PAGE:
His strikeout rate has been on the high side over the past few years but his walk rate has stayed fairly steady. He has a 9.3% walk rate for his career and has been at 9.7% over the past couple of seasons even while struggling in other areas. While not a huge stolen base threat, his sprint speed was in the 53rd percentile in 2022, so he’s at least an average runner. On Statcast’s new arm strength leaderboard, Anderson is in the 99th percentile, with only five qualified players ahead of him. Even while banged up this year, he still demonstrated that there are some tools in his skill set.
That makes Anderson an interesting buy-low candidate at this late point of the offseason, with many of the top free agents having already signed. Yesterday, the Nats agreed to a deal with Dominic Smith, who was projected for a $4MM salary before being non-tendered by the Mets. Instead, he’ll get $2MM from Washington with a further $2MM available in incentives. Like Anderson, Smith struggled over the past two years but showed plenty of potential in the prior seasons. Perhaps Anderson could find himself a similar type of deal in the coming weeks.
The Tigers stand out as a particularly strong fit, since they non-tendered Jeimer Candelario and haven’t done anything to replace him at the hot corner thus far. They have some young players who could potentially take that spot, such as Ryan Kreidler, Kody Clemens or Zack Short. However, none of those players have really cemented themselves as surefire big leaguers yet, and Anderson could move to the outfield if they took a step forward this year. With Akil Baddoo and Austin Meadows looking to bounce back from frustrating seasons, Anderson could give them some cover in case either of those in-house options continue to struggle.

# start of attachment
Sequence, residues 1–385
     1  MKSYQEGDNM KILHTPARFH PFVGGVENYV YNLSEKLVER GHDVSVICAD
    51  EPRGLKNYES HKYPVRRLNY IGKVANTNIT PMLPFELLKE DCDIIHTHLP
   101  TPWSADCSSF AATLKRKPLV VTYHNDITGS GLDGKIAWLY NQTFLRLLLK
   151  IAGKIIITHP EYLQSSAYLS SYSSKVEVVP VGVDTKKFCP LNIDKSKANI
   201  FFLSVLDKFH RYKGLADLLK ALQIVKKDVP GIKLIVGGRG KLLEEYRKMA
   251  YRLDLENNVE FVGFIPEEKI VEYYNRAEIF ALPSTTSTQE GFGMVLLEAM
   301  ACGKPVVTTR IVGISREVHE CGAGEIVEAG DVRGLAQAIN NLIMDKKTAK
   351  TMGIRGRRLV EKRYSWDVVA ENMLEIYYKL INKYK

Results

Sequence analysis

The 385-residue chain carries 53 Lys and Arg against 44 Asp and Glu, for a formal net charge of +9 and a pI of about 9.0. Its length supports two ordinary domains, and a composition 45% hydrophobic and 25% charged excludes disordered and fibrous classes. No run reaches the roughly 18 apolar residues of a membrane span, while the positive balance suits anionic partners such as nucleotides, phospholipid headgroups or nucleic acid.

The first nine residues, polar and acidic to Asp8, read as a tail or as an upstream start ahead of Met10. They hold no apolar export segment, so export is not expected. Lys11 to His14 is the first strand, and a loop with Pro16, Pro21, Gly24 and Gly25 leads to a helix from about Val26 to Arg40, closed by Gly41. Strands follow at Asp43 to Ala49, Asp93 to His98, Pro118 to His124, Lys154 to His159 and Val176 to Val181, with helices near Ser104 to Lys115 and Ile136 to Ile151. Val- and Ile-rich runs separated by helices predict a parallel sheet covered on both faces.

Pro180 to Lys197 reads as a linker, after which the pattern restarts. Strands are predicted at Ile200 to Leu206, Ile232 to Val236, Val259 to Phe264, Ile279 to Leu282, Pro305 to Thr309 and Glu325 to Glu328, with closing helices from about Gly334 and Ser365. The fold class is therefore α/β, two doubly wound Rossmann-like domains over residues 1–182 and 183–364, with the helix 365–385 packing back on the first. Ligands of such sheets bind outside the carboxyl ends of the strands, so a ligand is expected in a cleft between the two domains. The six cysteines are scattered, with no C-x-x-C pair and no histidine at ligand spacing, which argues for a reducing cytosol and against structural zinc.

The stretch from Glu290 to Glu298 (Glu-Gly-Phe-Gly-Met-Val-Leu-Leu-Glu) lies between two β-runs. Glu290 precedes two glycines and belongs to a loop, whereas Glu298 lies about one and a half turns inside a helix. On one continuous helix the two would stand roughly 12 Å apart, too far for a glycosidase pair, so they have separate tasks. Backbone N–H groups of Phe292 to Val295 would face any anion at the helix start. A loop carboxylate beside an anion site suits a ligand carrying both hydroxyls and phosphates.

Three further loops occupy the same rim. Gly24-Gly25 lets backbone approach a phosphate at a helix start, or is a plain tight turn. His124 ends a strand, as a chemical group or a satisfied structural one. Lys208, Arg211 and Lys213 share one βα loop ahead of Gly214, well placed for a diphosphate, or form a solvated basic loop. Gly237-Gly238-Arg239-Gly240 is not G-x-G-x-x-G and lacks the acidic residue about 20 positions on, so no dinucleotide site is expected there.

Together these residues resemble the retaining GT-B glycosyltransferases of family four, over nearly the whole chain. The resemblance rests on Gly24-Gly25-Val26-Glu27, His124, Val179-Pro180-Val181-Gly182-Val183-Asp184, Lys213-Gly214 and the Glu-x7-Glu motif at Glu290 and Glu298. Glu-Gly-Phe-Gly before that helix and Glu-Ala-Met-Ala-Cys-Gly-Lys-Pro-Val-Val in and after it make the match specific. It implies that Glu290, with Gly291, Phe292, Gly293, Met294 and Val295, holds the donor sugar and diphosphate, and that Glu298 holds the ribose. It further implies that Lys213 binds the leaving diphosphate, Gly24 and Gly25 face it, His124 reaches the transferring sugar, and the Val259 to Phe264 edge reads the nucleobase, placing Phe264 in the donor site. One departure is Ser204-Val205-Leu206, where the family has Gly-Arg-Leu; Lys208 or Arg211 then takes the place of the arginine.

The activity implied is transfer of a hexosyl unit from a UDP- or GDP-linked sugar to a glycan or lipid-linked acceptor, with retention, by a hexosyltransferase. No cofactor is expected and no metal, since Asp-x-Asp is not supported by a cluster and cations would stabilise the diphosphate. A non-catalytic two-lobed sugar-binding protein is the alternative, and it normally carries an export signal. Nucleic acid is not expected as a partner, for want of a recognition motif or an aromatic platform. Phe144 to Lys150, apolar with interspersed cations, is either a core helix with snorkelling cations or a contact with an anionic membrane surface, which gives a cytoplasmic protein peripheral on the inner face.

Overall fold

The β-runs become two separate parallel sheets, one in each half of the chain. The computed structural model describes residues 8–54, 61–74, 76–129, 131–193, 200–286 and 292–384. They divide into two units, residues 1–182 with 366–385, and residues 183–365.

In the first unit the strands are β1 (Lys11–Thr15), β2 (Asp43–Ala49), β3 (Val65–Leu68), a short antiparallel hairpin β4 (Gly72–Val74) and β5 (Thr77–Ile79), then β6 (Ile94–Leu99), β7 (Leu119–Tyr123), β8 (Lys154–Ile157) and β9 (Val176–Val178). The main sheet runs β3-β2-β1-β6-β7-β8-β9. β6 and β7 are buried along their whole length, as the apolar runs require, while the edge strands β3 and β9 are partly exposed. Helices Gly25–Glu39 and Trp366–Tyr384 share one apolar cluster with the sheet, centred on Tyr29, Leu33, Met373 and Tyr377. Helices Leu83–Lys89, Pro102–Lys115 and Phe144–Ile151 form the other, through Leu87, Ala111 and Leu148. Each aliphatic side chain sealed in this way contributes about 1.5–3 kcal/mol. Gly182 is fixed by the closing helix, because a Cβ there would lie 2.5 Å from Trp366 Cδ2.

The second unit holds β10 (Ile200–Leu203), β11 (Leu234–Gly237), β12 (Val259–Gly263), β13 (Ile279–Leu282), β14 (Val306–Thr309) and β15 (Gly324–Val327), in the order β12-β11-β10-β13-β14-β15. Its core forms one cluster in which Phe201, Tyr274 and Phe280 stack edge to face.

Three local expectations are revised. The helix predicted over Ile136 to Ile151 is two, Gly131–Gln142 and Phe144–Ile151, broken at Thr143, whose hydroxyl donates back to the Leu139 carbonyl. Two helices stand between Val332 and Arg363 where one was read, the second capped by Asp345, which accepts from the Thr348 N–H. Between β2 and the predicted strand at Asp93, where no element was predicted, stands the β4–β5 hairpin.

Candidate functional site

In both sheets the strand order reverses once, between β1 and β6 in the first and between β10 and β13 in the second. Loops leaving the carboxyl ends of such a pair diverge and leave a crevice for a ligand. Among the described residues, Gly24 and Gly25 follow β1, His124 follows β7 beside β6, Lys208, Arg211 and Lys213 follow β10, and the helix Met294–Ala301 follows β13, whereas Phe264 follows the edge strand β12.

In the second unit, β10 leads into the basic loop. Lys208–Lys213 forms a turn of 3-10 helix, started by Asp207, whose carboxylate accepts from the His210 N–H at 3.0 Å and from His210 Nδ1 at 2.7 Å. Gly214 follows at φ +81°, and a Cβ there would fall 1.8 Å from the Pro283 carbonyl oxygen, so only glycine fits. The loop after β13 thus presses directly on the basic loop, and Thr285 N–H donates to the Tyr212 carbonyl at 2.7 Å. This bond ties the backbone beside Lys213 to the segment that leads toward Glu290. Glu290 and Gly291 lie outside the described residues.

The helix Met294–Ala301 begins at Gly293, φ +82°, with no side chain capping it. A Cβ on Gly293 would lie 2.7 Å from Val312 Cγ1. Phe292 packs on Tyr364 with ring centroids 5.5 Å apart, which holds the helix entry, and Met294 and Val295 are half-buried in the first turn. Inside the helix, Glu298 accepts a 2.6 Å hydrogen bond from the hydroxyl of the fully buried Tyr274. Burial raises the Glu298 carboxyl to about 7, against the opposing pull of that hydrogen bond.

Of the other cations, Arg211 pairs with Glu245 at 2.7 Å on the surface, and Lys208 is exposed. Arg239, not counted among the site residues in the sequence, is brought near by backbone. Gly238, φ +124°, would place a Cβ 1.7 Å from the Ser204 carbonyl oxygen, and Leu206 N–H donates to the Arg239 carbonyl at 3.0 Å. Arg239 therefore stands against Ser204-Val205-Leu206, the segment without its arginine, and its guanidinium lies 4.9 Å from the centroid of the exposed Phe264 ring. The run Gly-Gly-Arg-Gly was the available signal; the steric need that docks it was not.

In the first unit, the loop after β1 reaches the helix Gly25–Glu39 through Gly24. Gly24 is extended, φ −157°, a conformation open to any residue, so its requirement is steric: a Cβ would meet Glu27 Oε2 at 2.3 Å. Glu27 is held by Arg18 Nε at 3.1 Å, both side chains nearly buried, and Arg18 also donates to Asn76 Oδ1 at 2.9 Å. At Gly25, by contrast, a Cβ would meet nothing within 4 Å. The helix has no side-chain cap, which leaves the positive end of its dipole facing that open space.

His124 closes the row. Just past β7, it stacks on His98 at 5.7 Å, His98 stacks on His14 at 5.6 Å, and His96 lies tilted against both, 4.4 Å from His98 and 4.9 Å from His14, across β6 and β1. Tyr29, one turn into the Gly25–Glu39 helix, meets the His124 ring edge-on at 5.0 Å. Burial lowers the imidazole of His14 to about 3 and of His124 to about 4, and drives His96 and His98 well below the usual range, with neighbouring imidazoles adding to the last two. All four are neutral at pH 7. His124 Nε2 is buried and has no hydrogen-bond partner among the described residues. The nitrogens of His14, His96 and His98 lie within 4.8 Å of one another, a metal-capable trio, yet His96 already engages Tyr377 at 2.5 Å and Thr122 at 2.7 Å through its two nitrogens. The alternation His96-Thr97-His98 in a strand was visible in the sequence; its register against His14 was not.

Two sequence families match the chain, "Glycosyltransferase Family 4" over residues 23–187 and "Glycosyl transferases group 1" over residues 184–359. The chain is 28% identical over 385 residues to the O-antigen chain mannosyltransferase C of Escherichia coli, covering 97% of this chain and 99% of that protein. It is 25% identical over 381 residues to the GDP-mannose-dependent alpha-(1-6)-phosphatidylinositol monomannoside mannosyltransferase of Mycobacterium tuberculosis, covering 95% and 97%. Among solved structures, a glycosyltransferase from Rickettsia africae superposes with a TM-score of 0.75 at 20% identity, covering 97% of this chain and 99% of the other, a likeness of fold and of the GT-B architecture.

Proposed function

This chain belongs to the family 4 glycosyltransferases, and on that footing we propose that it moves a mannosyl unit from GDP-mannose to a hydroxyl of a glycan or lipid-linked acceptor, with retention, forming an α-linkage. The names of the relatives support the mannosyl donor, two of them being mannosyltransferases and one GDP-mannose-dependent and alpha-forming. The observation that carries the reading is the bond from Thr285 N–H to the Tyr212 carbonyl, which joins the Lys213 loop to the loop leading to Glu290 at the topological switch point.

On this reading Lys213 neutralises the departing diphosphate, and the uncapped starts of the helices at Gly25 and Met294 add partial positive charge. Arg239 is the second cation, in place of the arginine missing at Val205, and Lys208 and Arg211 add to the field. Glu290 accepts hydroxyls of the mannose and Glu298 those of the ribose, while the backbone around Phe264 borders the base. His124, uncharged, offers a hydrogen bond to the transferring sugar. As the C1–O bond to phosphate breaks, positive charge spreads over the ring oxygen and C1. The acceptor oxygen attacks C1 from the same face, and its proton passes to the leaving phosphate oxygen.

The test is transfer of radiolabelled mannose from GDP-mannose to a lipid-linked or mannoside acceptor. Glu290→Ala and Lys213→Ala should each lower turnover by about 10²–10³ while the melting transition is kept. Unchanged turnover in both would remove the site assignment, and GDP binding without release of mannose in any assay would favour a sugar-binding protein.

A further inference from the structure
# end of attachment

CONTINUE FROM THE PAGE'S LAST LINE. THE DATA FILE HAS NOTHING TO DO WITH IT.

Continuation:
The Reds probably want to give Spencer Steer a chance to take over their third base job, but he has only 28 MLB games under his belt at this point. Anderson could provide a veteran alternative and also factor into their outfield mix if Steer takes off. It’s a similar situation in Texas, where the Rangers have Josh Jung penciled in at the hot corner despite the fact he’s played just 26 major league games. They also need help in left field and are about $12MM away from the lowest luxury tax threshold, making a low-cost addition like Anderson an intriguing solution. The Phillies have Alec Bohm at third, but he’s generally considered a poor defender. With Bryce Harper recovering from Tommy John surgery and no longer taking up the designated hitter slot, perhaps Bohm could move to first and bump Rhys Hoskins into the DH role.
Anderson could also fit on most teams in a part-time role off the bench, though platooning might not be a perfect plan. Anderson hits from the right side and was better against lefties in 2022, posting a 111 wRC+ against them compared to an 85 versus righties. However, he has reverse splits for his career, with a 93 wRC+ against southpaws and a 112 otherwise.
Health will likely be a big factor in Anderson’s market, since that has seemingly been hampering him over the past couple of years. But if he’s able to overcome his ailments and get back to the kind of player he was in 2018-20, there could be great value for a team paying him $5MM or less. Anderson was essentially on a three-WAR annual pace in that period, since he accrued 7.2 fWAR over two full seasons and the shortened 2020 campaign.
Image courtesy of USA Today Sports.